Jennifer had promised to study during the week, live on campus and make the 30-minute drive home every weekend. Her plan was to study science at Ryerson University for two years and then transfer to the pharmacology program at the University of Toronto, which thrilled her father because he wanted her to go into pharmacology.
She carried through with her promise to come home on the weekends, and she would always update her family about her classes and college life.
What Jennifer failed to disclose to her parents was that she was actually spending most of her time with Daniel Wong in an off-campus love nest. And that wasn't the only thing she was lying about. Jennifer wasn’t even attending college.
According to Toronto Life Magazine, Jennifer’s early acceptance to Ryerson had been revoked after she failed calculus in her senior year. Instead of owning up to the situation, Jennifer forged documents to make it look like she had received a college loan, and she convinced her dad she’d won a small scholarship.
To make her lies more convincing, Jennifer obtained used science textbooks and bought school supplies. She spent time in libraries researching science topics and making notes in her textbooks. She would often hang around at cafes or visit Daniel at York University, where he was taking classes. She taught piano lessons for money, and at some point, she tended bar at a Boston Pizza restaurant, where Daniel was a kitchen manager.
After two years, she informed her dad that she had been accepted into the University of Toronto, and he was very pleased. But Hann eventually became suspicious of Jennifer after she had informed him that she was volunteering at a blood-testing lab at a hospital, and she’d need to spend more time away from the house because it required weekend hours.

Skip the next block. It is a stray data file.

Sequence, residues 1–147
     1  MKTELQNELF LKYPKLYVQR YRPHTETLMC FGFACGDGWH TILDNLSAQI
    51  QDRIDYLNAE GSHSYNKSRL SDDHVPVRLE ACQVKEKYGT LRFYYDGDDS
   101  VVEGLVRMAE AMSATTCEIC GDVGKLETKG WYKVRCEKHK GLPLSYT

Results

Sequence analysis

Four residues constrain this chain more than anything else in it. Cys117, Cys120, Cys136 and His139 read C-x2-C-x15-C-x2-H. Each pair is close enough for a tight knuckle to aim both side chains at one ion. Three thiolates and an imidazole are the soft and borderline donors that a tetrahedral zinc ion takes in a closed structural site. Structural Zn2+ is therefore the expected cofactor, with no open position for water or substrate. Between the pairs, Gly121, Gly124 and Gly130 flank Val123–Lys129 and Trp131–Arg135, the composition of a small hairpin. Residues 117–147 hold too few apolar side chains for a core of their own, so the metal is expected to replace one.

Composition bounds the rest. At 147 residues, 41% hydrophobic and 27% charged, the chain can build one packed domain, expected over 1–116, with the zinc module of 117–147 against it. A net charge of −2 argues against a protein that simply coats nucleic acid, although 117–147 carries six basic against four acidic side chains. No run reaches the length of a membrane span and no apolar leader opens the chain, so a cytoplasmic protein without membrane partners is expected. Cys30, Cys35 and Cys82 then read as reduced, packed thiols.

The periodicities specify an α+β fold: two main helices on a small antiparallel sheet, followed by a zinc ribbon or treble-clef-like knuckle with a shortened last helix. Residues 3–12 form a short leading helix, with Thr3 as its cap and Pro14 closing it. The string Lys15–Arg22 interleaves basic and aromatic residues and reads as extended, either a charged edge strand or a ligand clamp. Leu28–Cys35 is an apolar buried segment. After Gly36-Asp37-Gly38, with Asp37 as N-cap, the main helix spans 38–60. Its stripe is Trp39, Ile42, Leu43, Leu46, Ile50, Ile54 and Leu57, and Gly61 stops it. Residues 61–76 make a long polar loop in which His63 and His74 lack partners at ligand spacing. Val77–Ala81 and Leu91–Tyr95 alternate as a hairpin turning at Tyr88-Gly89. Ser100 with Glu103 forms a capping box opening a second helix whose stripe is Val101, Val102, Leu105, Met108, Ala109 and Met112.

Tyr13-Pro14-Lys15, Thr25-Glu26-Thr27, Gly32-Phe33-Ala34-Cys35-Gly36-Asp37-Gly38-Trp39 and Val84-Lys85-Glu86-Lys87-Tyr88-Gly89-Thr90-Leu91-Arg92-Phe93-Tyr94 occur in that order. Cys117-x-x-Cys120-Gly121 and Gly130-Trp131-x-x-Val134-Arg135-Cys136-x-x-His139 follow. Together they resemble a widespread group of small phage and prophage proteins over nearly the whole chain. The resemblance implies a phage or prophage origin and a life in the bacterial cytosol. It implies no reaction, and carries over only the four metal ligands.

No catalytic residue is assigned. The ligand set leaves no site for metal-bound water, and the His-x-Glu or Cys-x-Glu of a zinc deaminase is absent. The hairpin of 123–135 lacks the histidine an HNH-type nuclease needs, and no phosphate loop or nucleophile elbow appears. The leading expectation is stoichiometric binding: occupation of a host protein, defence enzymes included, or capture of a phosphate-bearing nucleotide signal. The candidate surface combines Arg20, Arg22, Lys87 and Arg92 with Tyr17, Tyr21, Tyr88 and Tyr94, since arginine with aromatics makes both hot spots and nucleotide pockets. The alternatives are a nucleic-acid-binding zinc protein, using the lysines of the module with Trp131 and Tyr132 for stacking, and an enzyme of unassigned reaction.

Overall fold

So, he insisted he and Bich drop Jennifer off at the hospital the next day. This led to a confrontation, and Jennifer eventually admitted she hadn’t been attending the University of Toronto, didn’t do any work at the hospital and had been staying with Daniel, her boyfriend.
Hann forbade her from seeing Daniel, and she was completely cut off financially. Jennifer’s cell phone and laptop were taken away for two weeks, and then was only allowed to use them in her parents’ presence. She also had to endure surpise checks of her text messages, according to Toronto Life. The odometer on her car was also tracked to make sure she was only going where she said she was going.
An investigative journalist told "Killer Couples," “Because she had to break up with Daniel, she was heartbroken and depressed that she was given all these restraints at home where she couldn't go out. She was essentially at home all the time. She said she felt like a prisoner.”
An investigative journalist also told "Killer Couples" that Hann said “if she wanted to be with Daniel, then she would have to wait until he was dead.”
Daniel Wong eventually moved on and found a new girlfriend.
On the night of November 8, 2010, police receieved a 911 call from the Pan house — it was Jennifer.
Dispatcher: "911, do you req…"
Caller: "Help me, please! I need help."
Dispatcher: "Ma’am, ma’am…"
Caller: "I don’t know where my parents are!"
Dispatcher: "Ma’am, calm down. What’s going on?"
Caller: "Someone broke in and I heard shots, like, pops. I don’t know what’s happening. I’m tied upstairs. And I think my dad went outside… and he’s screaming!"
Police arrived at the house and discovered Jennifer tied up upstairs.
An investigative journalist told "Killer Couples," “Even though she was tied up, she said that she could reach around and pull the cell phone out and that’s how she called 911.”
In the basement, they discovered 53-year-old Bich shot twice point-blank in the head.
An investigative journalist told "Killer Couples," “The intruders had forethought, which was, let’s put blankets over their heads so that the sound is muffled and, uh, blood doesn’t splatter everywhere, including all over them.”
But Hann, who was home at the time of the attack, was nowhere to be found. Jennifer said the last time she’d seen her dad was while she was on the 911 call. In fact, you could hear her screaming out for her dad during the call. Hann had gone upstairs from the basement after the attack, and he could be heard screaming during Jennifer’s 911 call. He had been shot once in the face and once in the shoulder, and had gone unconscious. The killers thought he was dead.